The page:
But also I don’t see any fundamental force. Like, I don’t see any fundamental gravity stopping equities from going higher.
So, personally, I would generally stay out of equities. If that was – stay out of heavy speculations in equities, if it was my choice.
I wouldn’t be telling people not to buy some solid companies which can make it through the cycle that they like. And I wouldn’t be telling people not to short equities if they have a huge conviction.
But, in my strategy system, I would say what’s the point of going short equities? You can just go long bonds. Every scenario in which equities have a bear market, interest rates will go significantly lower. So why bother with equities if you can make so much more money on interest rate futures?
And, in terms of going long, well, you could stay long since you like to stay long. But I would not be too long because, well, that’s been a pretty good run.
Erik: Finally, Alex, since I know that you are a heavy-duty fixed-income guy, some people think that Chinese credit expansion is where the really big risk factor is. Some people have even gone so far as to say that a Chinese credit blowup could cause a deflationary shock bigger than 2008 to hit the global economy.
What do you think of that view? And how do you see the Chinese situation with respect to credit and fixed income?
Alex: Well, I definitely agree that there is a risk there. In some sense, Chinese situation in certain ways is new and unprecedented because China just had been so big a portion of the global growth.
And their credit expansion, their private debt has been brought, in relative and absolute levels, really, really large. And, typically, countries which have such weights of debt tend to go to catastrophic unwind. I don’t know if there are any counter-examples to having this kind of debt buildup leading to catastrophic unwind.
The time horizons are very difficult with that because of the command economy and the many tools at their disposal to kick the can down the road.
It’s been – people thought that things were going to blow up in 2015 and they did not. Some people were calling for a blowup of China even much earlier, even – several years before that. And they keep kind of defying gravity and muddling their way through.
I tend to – if not 100% subscribe – respect the theory that, as China slows down, even though the slowdown seems to be very gradual and moderate, incrementally becomes much, much harder for them to service the debt.
Because as long as the economy grows very, very rapidly, even if you are not profitable, you can service your debts through ever-pyramiding cash flows.
But now that the growth becomes more normal, this kind of debt expansion might – it might be very difficult to service it.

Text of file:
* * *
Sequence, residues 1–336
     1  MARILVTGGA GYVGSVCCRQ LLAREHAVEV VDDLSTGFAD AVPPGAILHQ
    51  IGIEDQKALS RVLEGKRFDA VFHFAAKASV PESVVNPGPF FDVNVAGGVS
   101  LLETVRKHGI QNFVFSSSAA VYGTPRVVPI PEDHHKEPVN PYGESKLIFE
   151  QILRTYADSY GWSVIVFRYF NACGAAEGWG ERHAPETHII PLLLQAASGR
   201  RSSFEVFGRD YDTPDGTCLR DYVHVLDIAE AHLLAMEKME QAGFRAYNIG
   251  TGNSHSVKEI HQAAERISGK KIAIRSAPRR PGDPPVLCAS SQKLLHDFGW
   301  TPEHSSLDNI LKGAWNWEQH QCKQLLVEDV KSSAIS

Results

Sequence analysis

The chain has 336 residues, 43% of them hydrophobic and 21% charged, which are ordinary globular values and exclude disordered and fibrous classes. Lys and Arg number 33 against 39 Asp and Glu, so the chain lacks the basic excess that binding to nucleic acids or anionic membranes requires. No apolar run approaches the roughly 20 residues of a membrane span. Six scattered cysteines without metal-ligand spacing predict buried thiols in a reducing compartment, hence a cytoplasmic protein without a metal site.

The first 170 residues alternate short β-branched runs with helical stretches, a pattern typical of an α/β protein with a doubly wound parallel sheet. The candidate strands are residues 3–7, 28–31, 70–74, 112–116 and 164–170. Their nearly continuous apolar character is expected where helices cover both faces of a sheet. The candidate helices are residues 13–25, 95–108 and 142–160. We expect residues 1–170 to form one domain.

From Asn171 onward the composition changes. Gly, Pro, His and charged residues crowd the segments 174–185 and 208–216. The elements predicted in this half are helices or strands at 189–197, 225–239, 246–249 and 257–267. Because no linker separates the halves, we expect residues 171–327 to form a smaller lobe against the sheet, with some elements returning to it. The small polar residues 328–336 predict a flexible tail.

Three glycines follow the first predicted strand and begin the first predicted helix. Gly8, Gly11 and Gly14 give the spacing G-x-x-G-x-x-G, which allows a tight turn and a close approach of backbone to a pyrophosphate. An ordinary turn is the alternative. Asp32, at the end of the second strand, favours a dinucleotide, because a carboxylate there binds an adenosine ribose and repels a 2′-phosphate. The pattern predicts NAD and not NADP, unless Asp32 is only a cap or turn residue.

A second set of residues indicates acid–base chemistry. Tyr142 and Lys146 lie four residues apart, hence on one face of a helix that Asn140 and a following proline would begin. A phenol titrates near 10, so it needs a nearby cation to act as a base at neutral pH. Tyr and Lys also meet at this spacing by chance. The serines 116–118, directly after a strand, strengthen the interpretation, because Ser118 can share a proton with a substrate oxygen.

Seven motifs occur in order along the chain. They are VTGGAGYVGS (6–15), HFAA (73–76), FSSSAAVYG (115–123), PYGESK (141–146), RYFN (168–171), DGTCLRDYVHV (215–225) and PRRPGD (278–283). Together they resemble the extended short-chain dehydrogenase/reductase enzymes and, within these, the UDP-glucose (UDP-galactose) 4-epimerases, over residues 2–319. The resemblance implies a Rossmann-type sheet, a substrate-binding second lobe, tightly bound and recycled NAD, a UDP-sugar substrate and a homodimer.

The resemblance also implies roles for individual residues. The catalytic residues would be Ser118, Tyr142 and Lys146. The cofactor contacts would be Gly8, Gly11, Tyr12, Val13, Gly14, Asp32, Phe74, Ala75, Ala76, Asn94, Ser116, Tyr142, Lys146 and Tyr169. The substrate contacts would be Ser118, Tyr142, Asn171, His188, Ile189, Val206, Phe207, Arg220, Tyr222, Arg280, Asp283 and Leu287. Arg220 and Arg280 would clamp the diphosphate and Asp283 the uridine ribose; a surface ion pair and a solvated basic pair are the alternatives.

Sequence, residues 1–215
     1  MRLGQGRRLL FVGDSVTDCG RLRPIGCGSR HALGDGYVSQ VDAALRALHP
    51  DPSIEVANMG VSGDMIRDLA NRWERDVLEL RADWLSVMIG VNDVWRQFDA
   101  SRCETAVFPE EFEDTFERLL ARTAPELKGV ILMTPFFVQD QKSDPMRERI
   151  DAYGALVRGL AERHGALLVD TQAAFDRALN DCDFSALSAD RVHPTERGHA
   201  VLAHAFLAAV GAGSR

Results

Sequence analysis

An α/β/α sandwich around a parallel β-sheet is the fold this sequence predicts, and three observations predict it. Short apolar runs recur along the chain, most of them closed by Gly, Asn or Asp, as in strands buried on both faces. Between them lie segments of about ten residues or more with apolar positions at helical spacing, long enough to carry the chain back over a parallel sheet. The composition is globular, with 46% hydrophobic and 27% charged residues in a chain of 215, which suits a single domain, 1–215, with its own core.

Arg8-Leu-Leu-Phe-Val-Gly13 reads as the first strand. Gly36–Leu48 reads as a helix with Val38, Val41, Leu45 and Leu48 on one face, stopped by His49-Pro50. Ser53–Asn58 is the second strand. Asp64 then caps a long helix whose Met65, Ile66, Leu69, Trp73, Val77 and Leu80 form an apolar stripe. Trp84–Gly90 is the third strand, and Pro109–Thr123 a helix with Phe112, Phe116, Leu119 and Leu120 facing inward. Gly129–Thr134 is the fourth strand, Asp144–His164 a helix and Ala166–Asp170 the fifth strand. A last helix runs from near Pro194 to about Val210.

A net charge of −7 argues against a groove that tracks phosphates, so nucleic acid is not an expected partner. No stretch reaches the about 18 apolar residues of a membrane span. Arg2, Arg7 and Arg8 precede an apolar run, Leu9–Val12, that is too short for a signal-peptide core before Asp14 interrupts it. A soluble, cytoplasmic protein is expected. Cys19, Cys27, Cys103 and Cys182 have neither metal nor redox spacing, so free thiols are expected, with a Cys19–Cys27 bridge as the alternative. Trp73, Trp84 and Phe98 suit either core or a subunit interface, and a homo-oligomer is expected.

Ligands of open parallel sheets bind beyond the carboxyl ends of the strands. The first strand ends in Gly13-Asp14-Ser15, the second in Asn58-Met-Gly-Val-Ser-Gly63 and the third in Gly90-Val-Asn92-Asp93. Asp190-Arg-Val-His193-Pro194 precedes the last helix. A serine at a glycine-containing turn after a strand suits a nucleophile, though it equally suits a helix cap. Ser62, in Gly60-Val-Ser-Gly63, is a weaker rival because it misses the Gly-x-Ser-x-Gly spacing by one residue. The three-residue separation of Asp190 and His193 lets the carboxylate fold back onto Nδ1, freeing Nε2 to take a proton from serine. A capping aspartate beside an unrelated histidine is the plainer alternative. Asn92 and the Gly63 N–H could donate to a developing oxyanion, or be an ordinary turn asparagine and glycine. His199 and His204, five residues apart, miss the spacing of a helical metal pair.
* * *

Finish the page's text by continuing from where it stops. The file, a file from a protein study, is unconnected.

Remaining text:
And how are they going to manage to solve it and unwind it? That’s a very big question, because we don’t have a history of a modern-day command economy. In the past, they have tried to do it and always catastrophically failed.
But we don’t know how an economy of this size can deal with this with all the tools – with the Google (whatever they have there, Baidu), with understanding of what’s going on in the country, how to allocate resources, who they need to forgive debts to, who they need to prop, where they need to inject cash.
With having all of this information can they handle it? Probably not.
I there is a – from just purely theoretical perspective, there is an elevated risk of what they call a Minsky Moment in the sense that, unlike in Western economies when you get like this gradual decline and then it’s just kind of accelerating, rolling down, rolling down the hill, there is some philosophical connection expected.
Something like falling off a cliff in China. That is China will just be okay, okay, okay – until they’re not okay at all. And I think that’s the risk that people are talking about that you’ve been referring to. I think, philosophically, there is definitely a possibility of this outcome.
But I say “philosophically” because, while we have no evidence that that’s yet happening, we don’t know. So far, they seem to be managing to contain things. We see all those cracks in the cement. They seem to be able to paint over it and make it look like new over and over again. And at what point it will all just crash down? We don’t know.
And I found that it’s hard to time with – it might happen 20 years from now. And, even for long-horizon traders, that might be a little too long to wait. But definitely risk is to be accounted for.
Erik: Well, Alex, I can’t thank you enough for another terrific interview.
You run a hedge fund for a living. And, as many of our accredited investors understand, you’re not at liberty to talk in detail about your fund. But, for the benefit of our accredited investor audience who are qualified to invest in hedge funds, how can they contact you to get your tear sheet and get connected with what you do there at HonTe Investments?
Alex: It could be found at honteinv.com. And your accredited investors could register on this website to receive more information.
Erik: Fantastic. Alex, I really look forward to getting you back for another update. Patrick Ceresna and I will be back as MacroVoices continues, right here at macrovoices.com.